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How to create a "registration key" for my application

Posted on 2006-05-05
Medium Priority
Last Modified: 2008-01-16

I am trying to create simple a registration key (CD KEY) system for my applications,
I want a the ability to create a private key and lots and lots of public keys from the private key

For example
I would have a dialog box where my users could enter the public key I have generated for them that would get compared to the private key that is embedded in side of my application, if the public key is valid then the program will unlock its self.

I am looking for a tutorial in C/C++ or MFC on creating private/public keys and validating them.
A link will do,

I know close to nothing about encryption
I’m experienced in C\C++\MFC

Thank you for your time and effort
Question by:funvill
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LVL 25

Expert Comment

ID: 16644033
Well, the RSA algorithm is not highly difficult to implement yourself...

Once you have implemented such an algorithm though, when the user provides the public key, to ensure that it is suited to the embedded private key, you simply encrypt something with the public key, decrypt the ciphertext with the private key, and then return the decrypted result to the original data... if they match, then it's a valid pair.

Wikipedia has info regarding the RSA algorithm (how it works exactly), check it out !

Author Comment

ID: 16644338
Thanks for your replay

Will I be able to generate lots of different public keys with a signle private key?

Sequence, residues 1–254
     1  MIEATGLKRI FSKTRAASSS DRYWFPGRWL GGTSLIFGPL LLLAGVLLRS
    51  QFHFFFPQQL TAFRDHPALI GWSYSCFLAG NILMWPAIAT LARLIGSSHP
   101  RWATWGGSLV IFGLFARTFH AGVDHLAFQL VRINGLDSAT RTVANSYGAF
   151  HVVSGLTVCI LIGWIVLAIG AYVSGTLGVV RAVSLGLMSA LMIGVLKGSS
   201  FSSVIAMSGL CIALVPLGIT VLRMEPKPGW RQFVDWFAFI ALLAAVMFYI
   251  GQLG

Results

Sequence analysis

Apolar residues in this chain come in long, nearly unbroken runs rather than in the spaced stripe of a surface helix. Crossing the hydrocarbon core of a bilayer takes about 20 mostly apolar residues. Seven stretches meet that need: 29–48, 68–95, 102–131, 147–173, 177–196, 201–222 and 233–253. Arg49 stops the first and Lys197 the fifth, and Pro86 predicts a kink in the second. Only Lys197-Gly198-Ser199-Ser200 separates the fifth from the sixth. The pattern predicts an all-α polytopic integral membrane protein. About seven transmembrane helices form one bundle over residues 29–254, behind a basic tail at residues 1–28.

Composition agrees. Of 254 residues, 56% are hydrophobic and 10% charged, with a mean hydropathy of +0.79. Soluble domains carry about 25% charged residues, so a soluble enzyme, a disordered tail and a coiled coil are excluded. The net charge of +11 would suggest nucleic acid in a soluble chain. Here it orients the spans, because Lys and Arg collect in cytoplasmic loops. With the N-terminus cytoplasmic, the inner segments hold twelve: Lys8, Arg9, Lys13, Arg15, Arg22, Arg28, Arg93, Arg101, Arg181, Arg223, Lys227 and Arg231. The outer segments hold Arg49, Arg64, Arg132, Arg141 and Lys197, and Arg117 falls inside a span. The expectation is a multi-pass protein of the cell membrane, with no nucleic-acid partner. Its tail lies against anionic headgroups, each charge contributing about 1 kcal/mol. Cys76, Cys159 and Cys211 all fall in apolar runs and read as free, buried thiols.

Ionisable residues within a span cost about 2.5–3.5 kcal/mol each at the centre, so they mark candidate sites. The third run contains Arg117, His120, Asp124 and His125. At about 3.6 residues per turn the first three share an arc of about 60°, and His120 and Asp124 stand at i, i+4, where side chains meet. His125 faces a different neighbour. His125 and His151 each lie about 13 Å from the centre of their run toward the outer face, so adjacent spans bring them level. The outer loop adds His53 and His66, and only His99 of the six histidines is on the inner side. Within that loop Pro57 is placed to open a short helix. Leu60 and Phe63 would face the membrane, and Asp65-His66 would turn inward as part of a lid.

Do you have a C/C++/MFC tutorial online about RSA that I could look over?

Is there a public/free for commercial use class or library I could use to create and validate RSA keys?
LVL 25

Accepted Solution

InteractiveMind earned 1600 total points
ID: 16648210
> Will I be able to generate lots of different public keys with a signle private key?

No; there is a single mapping from public to private — not several.

But, if you're just thinking of a way to create registration keys for some software of yours, then a better technique would probably be to use AES ("Rijndael"). This is a symmetric cipher algorithm - meaning that there's just a single key.

The key will be embedded into the software (hard-coded). When the user provides his or her name and password (for example), your systems will use the same key embedded into the software, to encrypt their name and password - the resulting ciphertext will then be used to produce a registration key.

Then, to register the software, the user types his/her name, password, and registration key into the software. The software performs the encryption etc on the name and password, and compares the result to the registration key.

If they match, then it's valid - and the software is now registered...

Here's a C++ implementation of the AES algorithm:

Author Comment

ID: 16653744
Workes great

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